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10 Articles in Volume 17, Issue #6
A Plea for Proper Opioid Tapering
Centers of Excellence in Pain Management: Past, Present, and Future Trends
Comorbid Pain and Childhood Obesity
Discussing Migraine With Your Patients: A Common Sense Guide for Clinicians
Justification of Morphine Equivalent Opioid Dosage Above 90 mg
Letters to the Editor: Dependence vs Addiction, Opioid Metabolism
Opioid Rotation From Opana ER Following FDA Call for Removal
Psoriatic Arthritis: Established, Newer, and Emerging Therapies
Sleep-Wake Disorders and Chronic Pain: Reciprocal and Interactive Effects
What are Nav1.7 inhibitors and how are they used in the treatment of neuropathic pain?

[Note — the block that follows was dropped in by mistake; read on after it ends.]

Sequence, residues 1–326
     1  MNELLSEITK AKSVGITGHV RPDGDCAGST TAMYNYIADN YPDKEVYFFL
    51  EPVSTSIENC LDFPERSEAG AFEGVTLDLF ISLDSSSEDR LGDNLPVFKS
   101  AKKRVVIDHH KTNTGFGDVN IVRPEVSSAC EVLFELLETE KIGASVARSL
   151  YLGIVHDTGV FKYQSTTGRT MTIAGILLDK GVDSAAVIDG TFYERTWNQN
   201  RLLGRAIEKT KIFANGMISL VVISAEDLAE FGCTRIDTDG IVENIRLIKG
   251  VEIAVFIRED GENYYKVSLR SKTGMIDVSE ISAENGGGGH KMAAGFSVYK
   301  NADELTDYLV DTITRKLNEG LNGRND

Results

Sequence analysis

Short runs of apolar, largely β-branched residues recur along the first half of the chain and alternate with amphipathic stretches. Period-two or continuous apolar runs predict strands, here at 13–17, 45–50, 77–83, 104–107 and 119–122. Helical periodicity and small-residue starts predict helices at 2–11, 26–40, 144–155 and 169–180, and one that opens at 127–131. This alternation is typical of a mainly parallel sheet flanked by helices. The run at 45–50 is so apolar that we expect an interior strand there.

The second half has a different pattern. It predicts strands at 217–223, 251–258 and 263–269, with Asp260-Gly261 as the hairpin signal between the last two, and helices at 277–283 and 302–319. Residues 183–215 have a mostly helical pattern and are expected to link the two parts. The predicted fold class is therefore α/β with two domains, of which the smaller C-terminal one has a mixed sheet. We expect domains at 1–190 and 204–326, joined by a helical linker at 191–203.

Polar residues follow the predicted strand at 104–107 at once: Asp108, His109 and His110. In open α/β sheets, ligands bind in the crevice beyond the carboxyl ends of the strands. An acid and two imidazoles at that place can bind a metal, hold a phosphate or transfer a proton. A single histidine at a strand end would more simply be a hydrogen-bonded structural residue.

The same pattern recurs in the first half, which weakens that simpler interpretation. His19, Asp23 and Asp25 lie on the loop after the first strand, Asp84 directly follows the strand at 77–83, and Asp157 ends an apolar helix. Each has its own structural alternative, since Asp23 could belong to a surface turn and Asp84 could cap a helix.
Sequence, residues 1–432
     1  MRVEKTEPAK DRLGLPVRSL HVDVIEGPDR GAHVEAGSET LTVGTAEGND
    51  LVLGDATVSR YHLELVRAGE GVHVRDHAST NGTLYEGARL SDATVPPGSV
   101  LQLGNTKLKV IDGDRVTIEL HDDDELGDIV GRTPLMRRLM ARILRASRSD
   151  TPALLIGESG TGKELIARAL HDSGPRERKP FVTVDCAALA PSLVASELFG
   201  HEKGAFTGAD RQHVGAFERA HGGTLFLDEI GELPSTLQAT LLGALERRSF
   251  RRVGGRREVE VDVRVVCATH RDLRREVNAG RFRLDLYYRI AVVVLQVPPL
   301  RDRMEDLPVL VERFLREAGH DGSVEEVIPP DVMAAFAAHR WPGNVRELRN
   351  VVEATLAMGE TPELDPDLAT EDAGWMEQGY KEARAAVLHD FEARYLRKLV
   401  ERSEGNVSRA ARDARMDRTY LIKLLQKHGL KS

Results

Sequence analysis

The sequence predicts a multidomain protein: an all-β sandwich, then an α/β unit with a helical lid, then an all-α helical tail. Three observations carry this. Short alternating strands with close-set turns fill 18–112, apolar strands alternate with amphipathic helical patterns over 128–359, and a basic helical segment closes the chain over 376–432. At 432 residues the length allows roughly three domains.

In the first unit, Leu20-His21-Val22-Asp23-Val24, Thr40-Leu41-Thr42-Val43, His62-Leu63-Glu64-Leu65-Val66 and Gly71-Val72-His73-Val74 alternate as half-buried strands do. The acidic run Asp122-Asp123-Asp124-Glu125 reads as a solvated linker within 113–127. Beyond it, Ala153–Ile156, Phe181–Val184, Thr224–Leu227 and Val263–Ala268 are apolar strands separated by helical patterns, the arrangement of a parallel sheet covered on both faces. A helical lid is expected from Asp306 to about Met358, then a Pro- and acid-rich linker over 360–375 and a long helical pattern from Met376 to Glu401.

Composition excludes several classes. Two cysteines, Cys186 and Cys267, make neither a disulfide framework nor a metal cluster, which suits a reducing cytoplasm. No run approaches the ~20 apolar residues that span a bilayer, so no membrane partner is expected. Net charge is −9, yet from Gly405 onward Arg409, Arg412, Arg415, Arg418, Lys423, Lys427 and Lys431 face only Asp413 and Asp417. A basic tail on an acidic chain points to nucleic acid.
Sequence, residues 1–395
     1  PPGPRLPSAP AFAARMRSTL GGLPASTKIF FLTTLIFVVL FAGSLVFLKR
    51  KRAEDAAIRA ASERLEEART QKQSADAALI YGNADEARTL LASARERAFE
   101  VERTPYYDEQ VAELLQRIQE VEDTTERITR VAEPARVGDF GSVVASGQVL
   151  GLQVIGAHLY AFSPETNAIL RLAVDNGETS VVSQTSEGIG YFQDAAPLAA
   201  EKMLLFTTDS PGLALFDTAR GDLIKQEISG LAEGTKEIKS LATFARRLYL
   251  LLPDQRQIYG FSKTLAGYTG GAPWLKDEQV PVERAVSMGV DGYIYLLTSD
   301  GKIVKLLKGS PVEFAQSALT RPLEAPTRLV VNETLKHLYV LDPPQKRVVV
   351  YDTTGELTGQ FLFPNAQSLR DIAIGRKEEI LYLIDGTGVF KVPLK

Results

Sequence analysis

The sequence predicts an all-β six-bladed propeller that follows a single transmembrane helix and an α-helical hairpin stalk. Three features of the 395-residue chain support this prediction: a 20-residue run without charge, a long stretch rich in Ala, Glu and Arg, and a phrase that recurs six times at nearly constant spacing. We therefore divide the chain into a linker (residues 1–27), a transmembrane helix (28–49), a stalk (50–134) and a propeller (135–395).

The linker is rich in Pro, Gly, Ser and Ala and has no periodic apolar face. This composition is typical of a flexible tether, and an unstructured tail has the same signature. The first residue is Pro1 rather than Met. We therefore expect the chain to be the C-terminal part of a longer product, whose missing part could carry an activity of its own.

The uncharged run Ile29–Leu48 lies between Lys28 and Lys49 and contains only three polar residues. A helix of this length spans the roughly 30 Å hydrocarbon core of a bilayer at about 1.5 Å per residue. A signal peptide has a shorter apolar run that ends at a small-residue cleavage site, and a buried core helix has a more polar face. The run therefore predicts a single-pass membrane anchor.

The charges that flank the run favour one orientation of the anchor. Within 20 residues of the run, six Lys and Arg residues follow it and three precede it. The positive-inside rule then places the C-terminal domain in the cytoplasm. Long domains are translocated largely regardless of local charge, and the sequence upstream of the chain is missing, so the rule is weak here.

Opioid Rotation From Opana ER Following FDA Call for Removal

Switching from one opioid to another is never easy, but when the FDA pulls a product from the market, the urgency to find a replacement may make the process that much more difficult. A review of what products may be an appropriate substitute for Opana ER and why is provided.

The US Food and Drug Administration (FDA) asked Endo Pharmaceuticals to voluntarily remove Opana ER from the market in June 2017.1 A month later, Endo announced their compliance with the request to remove the product. Shipments of Opana ER will end on September 1, 2017 to enable patients to convert to an appropriate alternative treatment, noted the company.

As experienced pain clinicians, we are concerned with the potential ramifications that may follow the removal of any opioid product from the marketplace, particularly one used in the treatment of thousands of patients suffering with chronic pain. This removal threatens to, at least temporarily, disrupt treatment, worsening patient discomfort (or far worse) and leaving many clinicians scrambling to figure out what to do next.